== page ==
Because the Michigan offense of entering without breaking does not require an unprivileged entry, it does not qualify as a burglary under the Court's definition in Taylor. Throneburg could not, therefore, be sentenced under section 924 because he has not been convicted of three violent felonies as defined in that section.



For the foregoing reasons, the defendant's conviction for being a felon in possession of a firearm, under 18 U.S.C. Sec. 922(g), is AFFIRMED. The sentence imposed under the Armed Career Criminals Act, 18 U.S.C. Sec. 924, is VACATED and we REMAND for resentencing.


Miranda v. Arizona, 384 U.S. 436, 86 S.Ct. 1602, 16 L.Ed.2d 694 (1966)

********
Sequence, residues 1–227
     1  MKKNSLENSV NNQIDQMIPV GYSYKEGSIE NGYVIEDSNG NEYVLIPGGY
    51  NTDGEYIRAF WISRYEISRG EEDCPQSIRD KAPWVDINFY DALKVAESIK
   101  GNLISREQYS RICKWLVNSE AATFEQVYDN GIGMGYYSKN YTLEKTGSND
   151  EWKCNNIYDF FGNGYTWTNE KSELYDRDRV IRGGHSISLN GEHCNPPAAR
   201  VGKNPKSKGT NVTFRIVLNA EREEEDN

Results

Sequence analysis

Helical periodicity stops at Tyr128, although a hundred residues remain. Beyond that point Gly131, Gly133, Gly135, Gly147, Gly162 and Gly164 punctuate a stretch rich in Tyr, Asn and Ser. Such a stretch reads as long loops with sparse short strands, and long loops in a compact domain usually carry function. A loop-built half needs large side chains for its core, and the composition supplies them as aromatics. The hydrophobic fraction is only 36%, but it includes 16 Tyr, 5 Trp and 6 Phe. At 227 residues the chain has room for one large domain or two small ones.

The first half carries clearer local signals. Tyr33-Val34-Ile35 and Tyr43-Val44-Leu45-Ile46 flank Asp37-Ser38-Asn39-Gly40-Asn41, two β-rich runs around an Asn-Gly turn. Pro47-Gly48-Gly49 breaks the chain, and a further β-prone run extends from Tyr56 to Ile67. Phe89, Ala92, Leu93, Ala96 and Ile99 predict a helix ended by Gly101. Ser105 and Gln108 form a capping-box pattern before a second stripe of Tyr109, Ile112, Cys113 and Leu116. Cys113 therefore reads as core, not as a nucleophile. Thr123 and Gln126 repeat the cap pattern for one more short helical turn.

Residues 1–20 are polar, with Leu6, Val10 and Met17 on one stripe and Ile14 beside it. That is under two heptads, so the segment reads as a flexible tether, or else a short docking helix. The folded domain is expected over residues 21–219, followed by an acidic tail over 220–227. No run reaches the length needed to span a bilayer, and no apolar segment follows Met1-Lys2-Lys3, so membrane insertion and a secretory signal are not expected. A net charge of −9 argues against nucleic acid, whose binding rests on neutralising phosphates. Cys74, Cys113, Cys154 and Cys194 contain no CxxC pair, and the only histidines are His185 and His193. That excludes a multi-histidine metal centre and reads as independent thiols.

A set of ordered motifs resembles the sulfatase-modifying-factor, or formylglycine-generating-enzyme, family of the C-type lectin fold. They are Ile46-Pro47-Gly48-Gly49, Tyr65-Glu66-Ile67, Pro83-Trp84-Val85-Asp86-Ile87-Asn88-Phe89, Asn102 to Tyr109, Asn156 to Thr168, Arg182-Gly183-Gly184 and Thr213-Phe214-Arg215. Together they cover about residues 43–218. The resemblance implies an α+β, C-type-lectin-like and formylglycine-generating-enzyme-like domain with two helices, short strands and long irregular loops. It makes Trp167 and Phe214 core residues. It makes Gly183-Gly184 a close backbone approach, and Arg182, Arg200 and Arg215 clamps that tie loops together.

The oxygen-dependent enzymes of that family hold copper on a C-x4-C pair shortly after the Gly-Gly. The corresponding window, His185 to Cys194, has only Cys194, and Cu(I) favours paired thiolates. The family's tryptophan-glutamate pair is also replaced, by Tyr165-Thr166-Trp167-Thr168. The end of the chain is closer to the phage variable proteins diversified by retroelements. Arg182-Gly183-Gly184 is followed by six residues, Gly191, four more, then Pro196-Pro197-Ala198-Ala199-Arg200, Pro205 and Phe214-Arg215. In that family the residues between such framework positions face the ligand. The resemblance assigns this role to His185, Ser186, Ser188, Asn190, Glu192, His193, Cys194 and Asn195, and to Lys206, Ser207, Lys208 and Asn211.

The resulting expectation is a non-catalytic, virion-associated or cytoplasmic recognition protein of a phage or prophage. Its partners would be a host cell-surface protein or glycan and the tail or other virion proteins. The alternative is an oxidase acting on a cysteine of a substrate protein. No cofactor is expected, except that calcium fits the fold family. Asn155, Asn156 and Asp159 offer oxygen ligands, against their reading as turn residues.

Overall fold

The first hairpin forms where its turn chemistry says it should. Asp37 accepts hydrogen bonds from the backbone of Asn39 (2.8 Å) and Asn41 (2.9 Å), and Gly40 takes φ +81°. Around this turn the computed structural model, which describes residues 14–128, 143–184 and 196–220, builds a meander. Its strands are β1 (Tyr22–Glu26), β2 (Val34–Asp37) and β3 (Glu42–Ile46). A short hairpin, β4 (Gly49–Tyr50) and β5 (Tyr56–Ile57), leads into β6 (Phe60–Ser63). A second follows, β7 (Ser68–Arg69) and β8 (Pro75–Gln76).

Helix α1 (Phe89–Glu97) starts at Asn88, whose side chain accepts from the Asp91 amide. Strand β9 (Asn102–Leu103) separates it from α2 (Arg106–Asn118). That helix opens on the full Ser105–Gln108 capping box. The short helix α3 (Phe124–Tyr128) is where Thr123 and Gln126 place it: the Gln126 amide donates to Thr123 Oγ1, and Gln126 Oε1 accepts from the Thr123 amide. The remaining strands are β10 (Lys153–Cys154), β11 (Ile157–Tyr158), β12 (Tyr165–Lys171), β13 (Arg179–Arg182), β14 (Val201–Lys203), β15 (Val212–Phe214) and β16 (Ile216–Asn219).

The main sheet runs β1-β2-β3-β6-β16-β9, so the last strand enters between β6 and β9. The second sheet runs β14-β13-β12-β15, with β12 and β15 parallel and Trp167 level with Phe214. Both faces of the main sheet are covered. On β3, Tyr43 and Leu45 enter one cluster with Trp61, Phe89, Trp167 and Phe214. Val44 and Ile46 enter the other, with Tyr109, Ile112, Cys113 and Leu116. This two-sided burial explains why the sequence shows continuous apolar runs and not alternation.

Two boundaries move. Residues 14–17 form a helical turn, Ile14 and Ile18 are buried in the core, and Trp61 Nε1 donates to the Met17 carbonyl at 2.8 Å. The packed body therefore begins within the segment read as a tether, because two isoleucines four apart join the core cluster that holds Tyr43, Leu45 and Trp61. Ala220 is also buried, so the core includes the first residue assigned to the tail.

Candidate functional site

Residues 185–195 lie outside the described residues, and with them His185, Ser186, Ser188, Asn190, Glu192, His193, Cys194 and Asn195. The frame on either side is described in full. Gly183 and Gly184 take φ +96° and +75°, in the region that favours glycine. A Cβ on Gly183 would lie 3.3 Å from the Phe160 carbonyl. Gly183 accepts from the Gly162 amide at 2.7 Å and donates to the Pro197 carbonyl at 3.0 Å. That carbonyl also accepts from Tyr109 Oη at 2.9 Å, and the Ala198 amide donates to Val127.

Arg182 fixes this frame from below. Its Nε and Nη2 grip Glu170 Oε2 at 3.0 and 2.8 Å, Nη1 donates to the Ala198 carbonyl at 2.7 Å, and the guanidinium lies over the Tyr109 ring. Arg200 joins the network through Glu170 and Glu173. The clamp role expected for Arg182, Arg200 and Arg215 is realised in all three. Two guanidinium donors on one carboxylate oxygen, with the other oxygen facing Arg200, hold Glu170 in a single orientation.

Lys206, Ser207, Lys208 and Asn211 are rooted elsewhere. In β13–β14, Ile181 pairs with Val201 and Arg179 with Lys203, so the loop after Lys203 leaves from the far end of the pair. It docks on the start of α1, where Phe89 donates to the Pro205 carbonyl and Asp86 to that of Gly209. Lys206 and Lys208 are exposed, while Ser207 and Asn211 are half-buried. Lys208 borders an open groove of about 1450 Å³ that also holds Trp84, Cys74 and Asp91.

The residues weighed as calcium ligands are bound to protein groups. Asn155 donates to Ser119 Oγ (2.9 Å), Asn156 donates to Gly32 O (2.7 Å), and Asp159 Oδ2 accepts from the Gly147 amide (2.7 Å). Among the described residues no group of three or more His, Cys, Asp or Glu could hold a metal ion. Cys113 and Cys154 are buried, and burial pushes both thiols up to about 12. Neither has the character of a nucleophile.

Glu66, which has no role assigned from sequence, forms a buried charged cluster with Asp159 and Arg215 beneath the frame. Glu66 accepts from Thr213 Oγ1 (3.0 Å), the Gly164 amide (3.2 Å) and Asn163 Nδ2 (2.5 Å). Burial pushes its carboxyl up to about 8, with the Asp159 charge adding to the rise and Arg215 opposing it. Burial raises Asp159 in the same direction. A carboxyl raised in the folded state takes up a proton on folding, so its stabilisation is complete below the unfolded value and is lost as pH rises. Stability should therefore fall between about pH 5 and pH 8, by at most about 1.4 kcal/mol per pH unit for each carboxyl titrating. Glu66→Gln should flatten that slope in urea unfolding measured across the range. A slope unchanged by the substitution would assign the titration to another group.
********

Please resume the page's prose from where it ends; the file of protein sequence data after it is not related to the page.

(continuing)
Throneburg's statement, in full, is as follows:

My name is Michael R. Throneburg. I am 34 years of age, married and reside at 1517 Calvary, Detroit, Michigan. In the past I have used the aliases of John Hasper and John Sandlin.

On March 23, 1989, at approximately 2:30 a.m. I was arrested by the Detroit Police for carrying a concealed weapon in a motor vehicle. The vehicle I was driving is a 1988 Ford Festiva which is registered to my wife, Janice Throneburg. The weapon in the car was a .357 revolver. This weapon belongs to my wife's brother, John McCarthy.

My name is Michael R. Throneburg. Before I made this statement, I was advised of my rights by Special Agent Mark T. Hady. I have also read and signed a Statement of Rights form.

I related to Agents Hady and Thomas the facts in the foregoing statement consisting of 2 pages which I have initialed or signed. I have been given an opportunity to make corrections, and I have initialed each correction made. This statement is true and correct.